Gardiner landowner sues feds to stop bison hunt north of Yellowstone

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Bison bones
A backbone and scattered chunks of fur are all that remain of a bison killed by hunters near Beattie Gulch, one of two popular bison hunting areas north of Gardiner and Yellowstone National Park.

A Gardiner-area landowner is suing the National Park Service and U.S. Forest Service to halt the hunting of bison just outside Yellowstone National Park’s northern border, saying the agencies have failed to analyze the consequences of the hunt as required by law.

“The Park Service and Forest Service have never analyzed the impacts of hunting on private property owners, neighbors, and visitors” through the appropriate environmental process required by law, stated the complaint by Bonnie Lynn and Neighbors Against Bison Slaughter, which shares her address.

Lynn is seeking a permanent halt to any future bison killing within a mile of her home and rental cabins as well as a temporary restraining order to stop the hunt this winter.

The lawsuit argued that rather than address the situation, “the Federal Agencies have foisted the dangerous and concentrated impacts of bison hunting onto a small group of private property owners, neighbors, and visitors.”

The complaint specifically focuses on Forest Service land known as Beattie Gulch, which is just across the road from Lynn’s residence. Each winter and spring, as bison migrate out of Yellowstone in search of forage, tribal and state hunters concentrate at the pinch point to kill the big ungulates.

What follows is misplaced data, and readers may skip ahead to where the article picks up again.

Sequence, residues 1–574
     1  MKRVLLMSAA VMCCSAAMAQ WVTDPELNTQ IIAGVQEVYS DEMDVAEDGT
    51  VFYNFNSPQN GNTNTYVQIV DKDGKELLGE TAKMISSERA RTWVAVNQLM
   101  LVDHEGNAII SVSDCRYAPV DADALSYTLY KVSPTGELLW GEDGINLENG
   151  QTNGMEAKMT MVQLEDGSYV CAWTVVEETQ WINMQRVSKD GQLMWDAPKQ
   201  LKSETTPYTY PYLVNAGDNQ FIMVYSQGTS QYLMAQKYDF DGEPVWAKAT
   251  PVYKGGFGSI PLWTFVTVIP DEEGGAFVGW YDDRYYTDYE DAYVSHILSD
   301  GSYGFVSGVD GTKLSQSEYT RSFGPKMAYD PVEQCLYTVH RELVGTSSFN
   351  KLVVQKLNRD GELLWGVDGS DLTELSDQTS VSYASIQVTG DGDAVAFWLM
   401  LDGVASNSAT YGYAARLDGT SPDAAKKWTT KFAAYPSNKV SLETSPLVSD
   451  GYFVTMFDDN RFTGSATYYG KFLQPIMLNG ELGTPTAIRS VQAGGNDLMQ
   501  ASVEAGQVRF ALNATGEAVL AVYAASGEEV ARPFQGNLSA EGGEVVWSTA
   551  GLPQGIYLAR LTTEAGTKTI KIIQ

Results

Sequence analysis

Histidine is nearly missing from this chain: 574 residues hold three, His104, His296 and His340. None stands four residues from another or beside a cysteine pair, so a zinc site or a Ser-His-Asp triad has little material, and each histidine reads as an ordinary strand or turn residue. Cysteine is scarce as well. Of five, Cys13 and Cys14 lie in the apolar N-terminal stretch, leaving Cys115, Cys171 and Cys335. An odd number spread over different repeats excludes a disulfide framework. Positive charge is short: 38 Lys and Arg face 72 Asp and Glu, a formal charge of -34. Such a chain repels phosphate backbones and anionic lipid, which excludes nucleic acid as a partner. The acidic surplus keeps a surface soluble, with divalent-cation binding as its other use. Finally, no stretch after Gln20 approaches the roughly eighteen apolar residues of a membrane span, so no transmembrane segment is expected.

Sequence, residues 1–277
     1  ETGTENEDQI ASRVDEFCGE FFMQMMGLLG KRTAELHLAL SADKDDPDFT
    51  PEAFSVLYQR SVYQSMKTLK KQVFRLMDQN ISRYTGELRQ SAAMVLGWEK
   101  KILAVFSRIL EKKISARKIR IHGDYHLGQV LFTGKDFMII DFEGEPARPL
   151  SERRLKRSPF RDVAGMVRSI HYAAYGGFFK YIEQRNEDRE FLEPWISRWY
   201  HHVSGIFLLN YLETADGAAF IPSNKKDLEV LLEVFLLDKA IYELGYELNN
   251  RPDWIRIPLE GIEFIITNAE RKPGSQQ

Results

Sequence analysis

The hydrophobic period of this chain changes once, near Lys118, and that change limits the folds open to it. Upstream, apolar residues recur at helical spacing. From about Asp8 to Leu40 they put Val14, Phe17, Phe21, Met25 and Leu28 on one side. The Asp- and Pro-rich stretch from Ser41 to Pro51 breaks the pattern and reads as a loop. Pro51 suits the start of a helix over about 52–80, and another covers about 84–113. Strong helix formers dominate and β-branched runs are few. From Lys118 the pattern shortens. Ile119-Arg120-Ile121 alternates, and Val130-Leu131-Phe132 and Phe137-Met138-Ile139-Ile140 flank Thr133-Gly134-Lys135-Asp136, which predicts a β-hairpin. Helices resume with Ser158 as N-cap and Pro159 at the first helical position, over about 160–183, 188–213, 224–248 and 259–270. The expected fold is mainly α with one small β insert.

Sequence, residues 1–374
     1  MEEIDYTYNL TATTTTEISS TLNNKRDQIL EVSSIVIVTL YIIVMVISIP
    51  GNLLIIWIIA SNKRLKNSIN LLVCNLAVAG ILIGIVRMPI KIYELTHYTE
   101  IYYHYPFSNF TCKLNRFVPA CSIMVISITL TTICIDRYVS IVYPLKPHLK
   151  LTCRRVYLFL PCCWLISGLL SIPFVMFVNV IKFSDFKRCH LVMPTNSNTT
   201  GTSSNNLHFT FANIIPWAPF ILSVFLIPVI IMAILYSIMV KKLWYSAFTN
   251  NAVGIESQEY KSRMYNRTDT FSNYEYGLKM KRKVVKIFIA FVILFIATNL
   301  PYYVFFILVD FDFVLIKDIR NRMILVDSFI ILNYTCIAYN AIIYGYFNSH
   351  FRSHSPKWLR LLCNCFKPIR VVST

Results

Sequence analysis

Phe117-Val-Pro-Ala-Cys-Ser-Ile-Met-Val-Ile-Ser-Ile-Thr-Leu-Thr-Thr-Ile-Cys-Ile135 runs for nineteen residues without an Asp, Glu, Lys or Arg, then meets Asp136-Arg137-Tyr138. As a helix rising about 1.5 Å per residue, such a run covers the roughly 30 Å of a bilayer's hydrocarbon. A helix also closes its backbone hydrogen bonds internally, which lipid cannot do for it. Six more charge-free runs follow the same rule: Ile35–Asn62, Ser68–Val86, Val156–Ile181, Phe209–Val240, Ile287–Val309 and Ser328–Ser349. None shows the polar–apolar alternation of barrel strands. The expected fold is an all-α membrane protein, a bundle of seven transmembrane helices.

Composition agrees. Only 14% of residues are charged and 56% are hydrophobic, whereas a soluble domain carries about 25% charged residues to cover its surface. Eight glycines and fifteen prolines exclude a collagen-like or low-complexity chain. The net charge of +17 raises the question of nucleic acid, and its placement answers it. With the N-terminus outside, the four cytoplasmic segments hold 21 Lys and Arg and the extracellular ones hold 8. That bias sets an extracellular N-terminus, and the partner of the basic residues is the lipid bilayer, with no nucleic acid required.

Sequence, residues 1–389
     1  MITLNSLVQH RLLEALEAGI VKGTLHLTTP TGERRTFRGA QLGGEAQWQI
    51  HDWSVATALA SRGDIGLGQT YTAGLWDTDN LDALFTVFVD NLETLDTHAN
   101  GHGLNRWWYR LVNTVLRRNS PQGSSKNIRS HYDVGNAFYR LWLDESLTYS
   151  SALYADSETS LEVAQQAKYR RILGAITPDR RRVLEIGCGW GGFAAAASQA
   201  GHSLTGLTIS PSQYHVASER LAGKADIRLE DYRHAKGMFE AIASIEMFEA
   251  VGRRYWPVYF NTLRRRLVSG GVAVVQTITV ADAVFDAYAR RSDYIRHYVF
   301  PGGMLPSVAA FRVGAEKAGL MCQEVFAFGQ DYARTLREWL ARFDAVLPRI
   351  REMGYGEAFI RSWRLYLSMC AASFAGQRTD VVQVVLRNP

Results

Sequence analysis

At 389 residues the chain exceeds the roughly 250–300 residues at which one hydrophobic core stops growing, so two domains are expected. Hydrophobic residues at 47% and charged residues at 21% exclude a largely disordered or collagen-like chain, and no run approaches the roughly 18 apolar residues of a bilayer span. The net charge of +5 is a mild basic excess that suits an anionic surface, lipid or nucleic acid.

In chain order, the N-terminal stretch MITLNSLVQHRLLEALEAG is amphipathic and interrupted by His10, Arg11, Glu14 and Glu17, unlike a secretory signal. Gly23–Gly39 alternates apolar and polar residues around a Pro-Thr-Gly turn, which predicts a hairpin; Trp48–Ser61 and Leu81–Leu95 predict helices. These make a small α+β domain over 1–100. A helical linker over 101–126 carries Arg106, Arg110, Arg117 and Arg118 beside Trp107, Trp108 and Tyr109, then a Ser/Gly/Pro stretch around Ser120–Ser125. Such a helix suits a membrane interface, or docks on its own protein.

In the most extreme case, 389 bison were killed on the land in the winter of 2016-17, the majority of them by tribal hunters exercising their treaty rights. Bison gut piles, legs and other remains are often left behind after the hunts, attracting predators such as bears and wolves as well as scavenger birds.

The second complaint, filed by Lynn and L&W Construction LLC, is seeking $500,000 from the federal government claiming that because predators and birds have sometimes spread the carrion to her property it is a taking of her property rights, physically occupying her land, without just compensation. Bison are known carriers of brucellosis, a disease that can cause undulant fever in humans.

Lynn’s two complaints were filed Tuesday in a District of Columbia federal court. One of the attorneys representing her is former Montana U.S. House candidate Jared Pettinato.

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